« Reply #21 on: April 29, 2019, 12:24:12 AM »

I will be technical.   

IMO,  bridge rules would not have the 1 !D - P - 1 !H as alert or announcement during the bidding, since it is natural and contains at least 4 of the suit.  As for an announcements, they should be short and with few words.   Examples:  transfer, could be short, etc.   

Now,  the statement should be on your convention card and you should draw the opponents’ attention to your convention card before the round begins.

Jim, we have the WBF to thank for the fact that there are no laws governing what must be disclosed in the laws of bridge. How you must disclose, yes, but what is disclosable is specifically delegated down to the different national organisations, or regulating authorities I believe is the current technically correct term. What you must alert in the USA is very different from what you must alert in the UK, for example. There was a point in the UK when even Stayman was alertable, and also minor openings which could be on only 3 cards.

And as for the (damn silly!) rules which some countries have on disclosure via the convention card, don't even get me started on that! The English Bridge Union card was absolutely geared towards Acol players, and they also had the rule that all disclosure must be on the card, but that no supplementary sheets were allowed! So you were reduced to (as I used to do) blowing up a CC on a photocopier to an enormous size, filling it in with a map pen, and then shrinking it back down again. Was it legible? Well, yes, if you had 20/20 vision, and preferably even better than that. It was legal, though. No regulations covered the size of your writing.  ::)

BBO's rules are simple, you should alert anything that your opponents may not fully understand. My view of that regulation is that if your 1 !H response to 1 !D is usually made on a stronger hand than normal, you should alert it. I aim to give full disclosure. I would far rather give opponents information to which they are not strictly entitled than withhold something to which they are entitled.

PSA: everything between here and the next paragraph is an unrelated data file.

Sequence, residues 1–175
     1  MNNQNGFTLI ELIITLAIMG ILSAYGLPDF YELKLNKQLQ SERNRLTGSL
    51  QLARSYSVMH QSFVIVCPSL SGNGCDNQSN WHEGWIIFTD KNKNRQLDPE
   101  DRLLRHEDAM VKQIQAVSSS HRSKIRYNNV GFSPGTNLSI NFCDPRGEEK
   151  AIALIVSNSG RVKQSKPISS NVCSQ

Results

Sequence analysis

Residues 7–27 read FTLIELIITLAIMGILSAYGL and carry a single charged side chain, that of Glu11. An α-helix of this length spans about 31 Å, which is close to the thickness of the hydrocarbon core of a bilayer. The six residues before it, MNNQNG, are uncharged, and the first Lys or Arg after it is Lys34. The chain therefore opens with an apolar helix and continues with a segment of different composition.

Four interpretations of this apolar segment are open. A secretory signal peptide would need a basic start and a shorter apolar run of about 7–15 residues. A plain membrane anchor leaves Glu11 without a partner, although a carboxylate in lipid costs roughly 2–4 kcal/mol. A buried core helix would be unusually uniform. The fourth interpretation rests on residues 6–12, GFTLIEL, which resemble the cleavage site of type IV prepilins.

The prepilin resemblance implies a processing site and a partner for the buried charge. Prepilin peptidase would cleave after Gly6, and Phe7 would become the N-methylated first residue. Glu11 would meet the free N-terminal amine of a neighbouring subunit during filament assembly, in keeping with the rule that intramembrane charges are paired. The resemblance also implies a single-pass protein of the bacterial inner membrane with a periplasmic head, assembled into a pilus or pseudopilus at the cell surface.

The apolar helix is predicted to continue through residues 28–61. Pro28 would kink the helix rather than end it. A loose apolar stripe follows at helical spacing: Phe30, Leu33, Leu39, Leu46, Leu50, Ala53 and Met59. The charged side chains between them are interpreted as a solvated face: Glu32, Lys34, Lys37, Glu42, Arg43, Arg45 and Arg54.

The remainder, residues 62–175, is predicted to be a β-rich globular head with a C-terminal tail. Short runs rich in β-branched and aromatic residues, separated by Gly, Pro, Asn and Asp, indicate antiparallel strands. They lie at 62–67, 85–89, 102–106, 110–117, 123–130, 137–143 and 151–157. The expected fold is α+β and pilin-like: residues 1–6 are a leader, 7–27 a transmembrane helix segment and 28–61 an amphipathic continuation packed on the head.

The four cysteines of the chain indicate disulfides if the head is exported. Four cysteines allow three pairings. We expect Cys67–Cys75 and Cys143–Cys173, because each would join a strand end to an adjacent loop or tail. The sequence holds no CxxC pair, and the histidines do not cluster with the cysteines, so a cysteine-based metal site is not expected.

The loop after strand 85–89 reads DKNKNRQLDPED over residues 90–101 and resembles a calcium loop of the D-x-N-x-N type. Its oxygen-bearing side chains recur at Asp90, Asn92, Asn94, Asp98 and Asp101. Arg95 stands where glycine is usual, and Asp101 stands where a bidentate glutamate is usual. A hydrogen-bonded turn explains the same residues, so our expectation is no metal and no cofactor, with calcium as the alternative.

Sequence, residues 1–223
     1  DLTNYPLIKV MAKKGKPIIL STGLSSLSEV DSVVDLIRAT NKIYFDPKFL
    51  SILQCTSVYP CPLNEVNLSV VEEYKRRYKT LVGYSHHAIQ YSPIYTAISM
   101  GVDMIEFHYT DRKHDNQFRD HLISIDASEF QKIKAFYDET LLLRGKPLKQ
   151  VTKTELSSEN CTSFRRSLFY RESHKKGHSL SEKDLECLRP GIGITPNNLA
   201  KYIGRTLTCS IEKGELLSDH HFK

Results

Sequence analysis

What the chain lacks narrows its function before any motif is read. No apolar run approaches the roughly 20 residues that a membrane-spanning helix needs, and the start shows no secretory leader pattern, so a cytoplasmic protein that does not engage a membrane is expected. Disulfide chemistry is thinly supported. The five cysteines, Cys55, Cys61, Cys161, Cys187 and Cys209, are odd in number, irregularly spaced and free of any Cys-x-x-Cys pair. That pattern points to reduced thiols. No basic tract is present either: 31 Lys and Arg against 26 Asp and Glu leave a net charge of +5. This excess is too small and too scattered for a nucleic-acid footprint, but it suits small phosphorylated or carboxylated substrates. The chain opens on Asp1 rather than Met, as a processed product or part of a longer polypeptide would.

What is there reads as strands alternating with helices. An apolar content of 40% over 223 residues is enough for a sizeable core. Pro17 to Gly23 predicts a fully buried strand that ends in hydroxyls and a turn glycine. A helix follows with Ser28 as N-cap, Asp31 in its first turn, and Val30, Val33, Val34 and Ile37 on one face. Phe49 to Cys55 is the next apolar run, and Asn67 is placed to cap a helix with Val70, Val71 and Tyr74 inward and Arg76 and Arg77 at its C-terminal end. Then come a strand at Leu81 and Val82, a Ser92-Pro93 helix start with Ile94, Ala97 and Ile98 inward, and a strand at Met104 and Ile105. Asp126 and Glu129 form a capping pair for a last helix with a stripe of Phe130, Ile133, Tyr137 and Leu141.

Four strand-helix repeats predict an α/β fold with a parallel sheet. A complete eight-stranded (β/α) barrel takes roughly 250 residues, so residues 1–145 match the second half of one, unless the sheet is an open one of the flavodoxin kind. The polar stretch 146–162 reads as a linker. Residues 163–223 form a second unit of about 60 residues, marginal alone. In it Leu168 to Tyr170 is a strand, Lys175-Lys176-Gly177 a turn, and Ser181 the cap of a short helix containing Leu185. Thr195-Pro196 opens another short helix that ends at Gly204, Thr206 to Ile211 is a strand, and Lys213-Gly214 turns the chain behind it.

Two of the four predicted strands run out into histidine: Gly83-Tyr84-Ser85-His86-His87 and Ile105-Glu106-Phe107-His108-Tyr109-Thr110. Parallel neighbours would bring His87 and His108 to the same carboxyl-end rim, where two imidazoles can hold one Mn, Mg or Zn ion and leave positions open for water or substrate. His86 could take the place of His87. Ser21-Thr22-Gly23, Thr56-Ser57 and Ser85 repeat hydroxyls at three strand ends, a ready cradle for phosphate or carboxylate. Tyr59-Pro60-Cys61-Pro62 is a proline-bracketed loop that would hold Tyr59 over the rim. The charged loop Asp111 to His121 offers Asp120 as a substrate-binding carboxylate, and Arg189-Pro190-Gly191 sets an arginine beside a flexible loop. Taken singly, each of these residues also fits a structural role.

I don't honestly know what the current ACBL convention card looks like. If you have one filled in for OCP, then please scan it and post it. I would be genuinely interested to see it.


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Jimmy

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Re: [Bidding problem] OCP simple system
« Reply #22 on: April 29, 2019, 03:10:11 AM »

I will be technical.   

IMO,  bridge rules would not have the 1 !D - P - 1 !H as alert or announcement during the bidding, since it is natural and contains at least 4 of the suit.  As for an announcements, they should be short and with few words.   Examples:  transfer, could be short, etc.   

Now,  the statement should be on your convention card and you should draw the opponents’ attention to your convention card before the round begins.



Jim, we have the WBF to thank for the fact that there are no laws governing what must be disclosed in the laws of bridge. How you must disclose, yes, but what is disclosable is specifically delegated down to the different national organisations, or regulating authorities I believe is the current technically correct term. What you must alert in the USA is very different from what you must alert in the UK, for example. There was a point in the UK when even Stayman was alertable, and also minor openings which could be on only 3 cards.